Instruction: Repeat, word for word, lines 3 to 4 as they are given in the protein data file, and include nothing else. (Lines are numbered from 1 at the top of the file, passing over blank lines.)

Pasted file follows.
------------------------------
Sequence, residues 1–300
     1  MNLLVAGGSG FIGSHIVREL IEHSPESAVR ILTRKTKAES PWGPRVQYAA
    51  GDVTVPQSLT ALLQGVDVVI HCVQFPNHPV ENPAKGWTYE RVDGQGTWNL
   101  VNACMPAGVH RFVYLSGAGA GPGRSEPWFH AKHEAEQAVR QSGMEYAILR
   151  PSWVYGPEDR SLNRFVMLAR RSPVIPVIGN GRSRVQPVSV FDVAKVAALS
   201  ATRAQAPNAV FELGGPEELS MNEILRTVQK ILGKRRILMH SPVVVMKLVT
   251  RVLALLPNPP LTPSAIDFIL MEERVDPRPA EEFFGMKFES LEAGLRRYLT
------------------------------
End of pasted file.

    51  GDVTVPQSLT ALLQGVDVVI HCVQFPNHPV ENPAKGWTYE RVDGQGTWNL
   101  VNACMPAGVH RFVYLSGAGA GPGRSEPWFH AKHEAEQAVR QSGMEYAILR